8-9 He made the Holy of Holies a cube, thirty feet wide, long, and high. It was veneered with six hundred talents (something over twenty-two tons) of gold. The gold nails weighed fifty shekels (a little over a pound). The upper rooms were also veneered in gold.
10-13 He made two sculptures of cherubim, gigantic angel-like figures, for the Holy of Holies, both veneered with gold. The combined wingspread of the side-by-side cherubim (each wing measuring seven and a half feet) stretched from wall to wall, thirty feet. They stood erect facing the main hall.
14 He fashioned the curtain of violet, purple, and crimson fabric and worked a cherub design into it.
15-17 He made two huge free-standing pillars, each fifty-two feet tall, their capitals extending another seven and a half feet. The top of each pillar was set off with an elaborate filigree of chains, like necklaces, from which hung a hundred pomegranates. He placed the pillars in front of The Temple, one on the right, and the other on the left. The right pillar he named Jakin (Security) and the left pillar he named Boaz (Stability).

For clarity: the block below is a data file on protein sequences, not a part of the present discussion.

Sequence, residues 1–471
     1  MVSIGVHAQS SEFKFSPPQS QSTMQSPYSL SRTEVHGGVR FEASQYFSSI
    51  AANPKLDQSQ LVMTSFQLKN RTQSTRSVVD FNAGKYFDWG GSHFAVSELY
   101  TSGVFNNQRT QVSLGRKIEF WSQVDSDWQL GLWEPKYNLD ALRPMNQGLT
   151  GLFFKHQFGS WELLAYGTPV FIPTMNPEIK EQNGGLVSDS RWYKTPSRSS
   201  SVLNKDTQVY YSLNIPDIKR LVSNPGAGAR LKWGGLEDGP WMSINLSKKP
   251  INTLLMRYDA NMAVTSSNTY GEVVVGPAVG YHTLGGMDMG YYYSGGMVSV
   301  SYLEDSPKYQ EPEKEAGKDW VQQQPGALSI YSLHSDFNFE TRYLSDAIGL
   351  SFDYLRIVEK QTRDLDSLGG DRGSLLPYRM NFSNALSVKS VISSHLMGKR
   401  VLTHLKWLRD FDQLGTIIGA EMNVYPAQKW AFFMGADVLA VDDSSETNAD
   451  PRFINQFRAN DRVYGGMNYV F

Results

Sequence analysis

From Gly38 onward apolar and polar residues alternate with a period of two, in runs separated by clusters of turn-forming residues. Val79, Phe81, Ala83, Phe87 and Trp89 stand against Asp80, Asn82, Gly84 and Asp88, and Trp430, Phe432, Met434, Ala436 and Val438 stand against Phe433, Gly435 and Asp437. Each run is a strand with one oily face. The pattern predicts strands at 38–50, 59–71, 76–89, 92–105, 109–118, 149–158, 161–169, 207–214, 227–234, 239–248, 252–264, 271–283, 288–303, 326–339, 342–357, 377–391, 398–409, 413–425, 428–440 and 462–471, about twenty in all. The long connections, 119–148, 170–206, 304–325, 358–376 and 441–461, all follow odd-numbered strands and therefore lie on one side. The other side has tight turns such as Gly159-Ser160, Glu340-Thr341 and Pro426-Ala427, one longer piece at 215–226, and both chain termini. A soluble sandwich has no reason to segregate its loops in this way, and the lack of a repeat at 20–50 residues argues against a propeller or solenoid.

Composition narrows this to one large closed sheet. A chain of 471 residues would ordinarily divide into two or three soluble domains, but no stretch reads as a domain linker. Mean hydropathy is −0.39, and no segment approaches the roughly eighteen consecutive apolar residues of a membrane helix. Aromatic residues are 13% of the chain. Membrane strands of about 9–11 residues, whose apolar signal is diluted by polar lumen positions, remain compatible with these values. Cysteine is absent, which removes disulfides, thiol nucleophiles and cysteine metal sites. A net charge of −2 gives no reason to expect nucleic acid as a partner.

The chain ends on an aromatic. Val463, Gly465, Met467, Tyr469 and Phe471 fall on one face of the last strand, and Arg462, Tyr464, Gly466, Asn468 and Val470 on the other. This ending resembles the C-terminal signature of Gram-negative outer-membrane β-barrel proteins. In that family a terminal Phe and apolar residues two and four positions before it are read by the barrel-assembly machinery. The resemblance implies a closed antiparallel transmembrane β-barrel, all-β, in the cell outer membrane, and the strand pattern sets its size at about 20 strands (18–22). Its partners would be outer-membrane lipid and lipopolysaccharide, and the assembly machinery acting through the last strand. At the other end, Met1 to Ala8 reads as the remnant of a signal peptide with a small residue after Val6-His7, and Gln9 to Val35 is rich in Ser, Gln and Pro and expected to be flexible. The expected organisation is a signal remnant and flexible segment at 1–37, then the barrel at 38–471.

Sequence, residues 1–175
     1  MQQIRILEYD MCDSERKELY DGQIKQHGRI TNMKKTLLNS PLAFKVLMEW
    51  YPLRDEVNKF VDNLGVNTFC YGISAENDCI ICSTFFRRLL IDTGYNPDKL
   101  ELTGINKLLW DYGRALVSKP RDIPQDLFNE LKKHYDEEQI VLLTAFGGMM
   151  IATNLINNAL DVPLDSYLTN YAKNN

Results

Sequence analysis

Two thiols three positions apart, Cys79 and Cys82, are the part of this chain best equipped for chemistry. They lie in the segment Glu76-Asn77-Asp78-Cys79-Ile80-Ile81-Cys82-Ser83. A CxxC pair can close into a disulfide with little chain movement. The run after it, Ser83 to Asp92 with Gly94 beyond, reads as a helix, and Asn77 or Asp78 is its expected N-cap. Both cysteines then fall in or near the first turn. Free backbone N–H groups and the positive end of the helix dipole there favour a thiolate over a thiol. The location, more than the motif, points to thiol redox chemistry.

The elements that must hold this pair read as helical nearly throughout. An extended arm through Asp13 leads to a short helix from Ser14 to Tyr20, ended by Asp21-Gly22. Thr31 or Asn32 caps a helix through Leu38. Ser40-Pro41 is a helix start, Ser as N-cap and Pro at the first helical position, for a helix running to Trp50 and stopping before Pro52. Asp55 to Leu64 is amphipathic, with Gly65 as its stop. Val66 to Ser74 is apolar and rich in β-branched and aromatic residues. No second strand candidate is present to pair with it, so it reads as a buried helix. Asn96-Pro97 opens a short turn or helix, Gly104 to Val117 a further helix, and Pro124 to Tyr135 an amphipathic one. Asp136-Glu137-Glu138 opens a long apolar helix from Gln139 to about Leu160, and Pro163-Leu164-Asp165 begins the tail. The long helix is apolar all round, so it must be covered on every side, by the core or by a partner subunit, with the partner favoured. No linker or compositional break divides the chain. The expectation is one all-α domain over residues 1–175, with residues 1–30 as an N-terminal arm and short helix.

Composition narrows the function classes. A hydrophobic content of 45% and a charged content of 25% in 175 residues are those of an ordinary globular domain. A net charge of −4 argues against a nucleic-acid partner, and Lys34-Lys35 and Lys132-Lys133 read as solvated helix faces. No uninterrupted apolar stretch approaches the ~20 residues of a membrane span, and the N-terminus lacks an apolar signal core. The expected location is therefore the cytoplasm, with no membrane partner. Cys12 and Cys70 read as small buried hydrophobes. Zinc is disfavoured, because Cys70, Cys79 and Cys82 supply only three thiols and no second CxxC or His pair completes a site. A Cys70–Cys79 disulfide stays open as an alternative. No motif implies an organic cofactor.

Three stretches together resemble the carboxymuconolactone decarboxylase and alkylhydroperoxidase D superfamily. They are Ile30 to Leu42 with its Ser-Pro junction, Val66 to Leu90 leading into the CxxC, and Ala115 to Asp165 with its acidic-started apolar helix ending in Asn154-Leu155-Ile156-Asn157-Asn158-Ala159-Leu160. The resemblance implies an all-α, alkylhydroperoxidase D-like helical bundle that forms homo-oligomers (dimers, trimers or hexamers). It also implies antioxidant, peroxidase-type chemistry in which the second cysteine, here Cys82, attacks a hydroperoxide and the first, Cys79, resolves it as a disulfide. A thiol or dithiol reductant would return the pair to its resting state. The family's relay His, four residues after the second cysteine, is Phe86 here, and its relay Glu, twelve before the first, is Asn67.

Romans 6:1-23 (The Message)

Romans 6

When Death Becomes Life
1-3So what do we do? Keep on sinning so God can keep on forgiving? I should hope not! If we've left the country where sin is sovereign, how can we still live in our old house there? Or didn't you realize we packed up and left there for good? That is what happened in baptism. When we went under the water, we left the old country of sin behind; when we came up out of the water, we entered into the new country of grace—a new life in a new land! 3-5That's what baptism into the life of Jesus means. When we are lowered into the water, it is like the burial of Jesus; when we are raised up out of the water, it is like the resurrection of Jesus. Each of us is raised into a light-filled world by our Father so that we can see where we're going in our new grace-sovereign country.